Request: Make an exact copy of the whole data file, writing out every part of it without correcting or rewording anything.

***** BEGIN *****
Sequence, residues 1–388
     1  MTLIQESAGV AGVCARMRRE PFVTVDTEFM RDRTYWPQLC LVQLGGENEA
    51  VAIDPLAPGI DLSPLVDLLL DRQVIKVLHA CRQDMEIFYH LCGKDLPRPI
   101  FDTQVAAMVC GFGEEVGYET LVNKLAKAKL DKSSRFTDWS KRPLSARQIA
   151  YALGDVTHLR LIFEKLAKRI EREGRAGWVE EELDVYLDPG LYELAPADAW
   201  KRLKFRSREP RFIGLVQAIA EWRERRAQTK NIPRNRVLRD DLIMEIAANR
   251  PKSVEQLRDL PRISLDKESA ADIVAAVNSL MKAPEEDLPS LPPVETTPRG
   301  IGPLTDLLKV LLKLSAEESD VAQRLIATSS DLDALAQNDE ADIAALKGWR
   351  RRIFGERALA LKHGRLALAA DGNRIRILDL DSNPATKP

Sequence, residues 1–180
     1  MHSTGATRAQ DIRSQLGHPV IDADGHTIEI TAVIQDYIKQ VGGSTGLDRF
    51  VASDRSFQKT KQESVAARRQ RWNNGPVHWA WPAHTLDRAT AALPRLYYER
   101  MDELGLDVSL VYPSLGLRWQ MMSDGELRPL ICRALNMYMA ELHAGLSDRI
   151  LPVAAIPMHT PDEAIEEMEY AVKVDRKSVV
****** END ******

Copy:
Sequence, residues 1–388
     1  MTLIQESAGV AGVCARMRRE PFVTVDTEFM RDRTYWPQLC LVQLGGENEA
    51  VAIDPLAPGI DLSPLVDLLL DRQVIKVLHA CRQDMEIFYH LCGKDLPRPI
   101  FDTQVAAMVC GFGEEVGYET LVNKLAKAKL DKSSRFTDWS KRPLSARQIA
   151  YALGDVTHLR LIFEKLAKRI EREGRAGWVE EELDVYLDPG LYELAPADAW
   201  KRLKFRSREP RFIGLVQAIA EWRERRAQTK NIPRNRVLRD DLIMEIAANR
   251  PKSVEQLRDL PRISLDKESA ADIVAAVNSL MKAPEEDLPS LPPVETTPRG
   301  IGPLTDLLKV LLKLSAEESD VAQRLIATSS DLDALAQNDE ADIAALKGWR
   351  RRIFGERALA LKHGRLALAA DGNRIRILDL DSNPATKP

Sequence, residues 1–180
     1  MHSTGATRAQ DIRSQLGHPV IDADGHTIEI TAVIQDYIKQ VGGSTGLDRF
    51  VASDRSFQKT KQESVAARRQ RWNNGPVHWA WPAHTLDRAT AALPRLYYER
   101  MDELGLDVSL VYPSLGLRWQ MMSDGELRPL ICRALNMYMA ELHAGLSDRI
   151  LPVAAIPMHT PDEAIEEMEY AVKVDRKSVV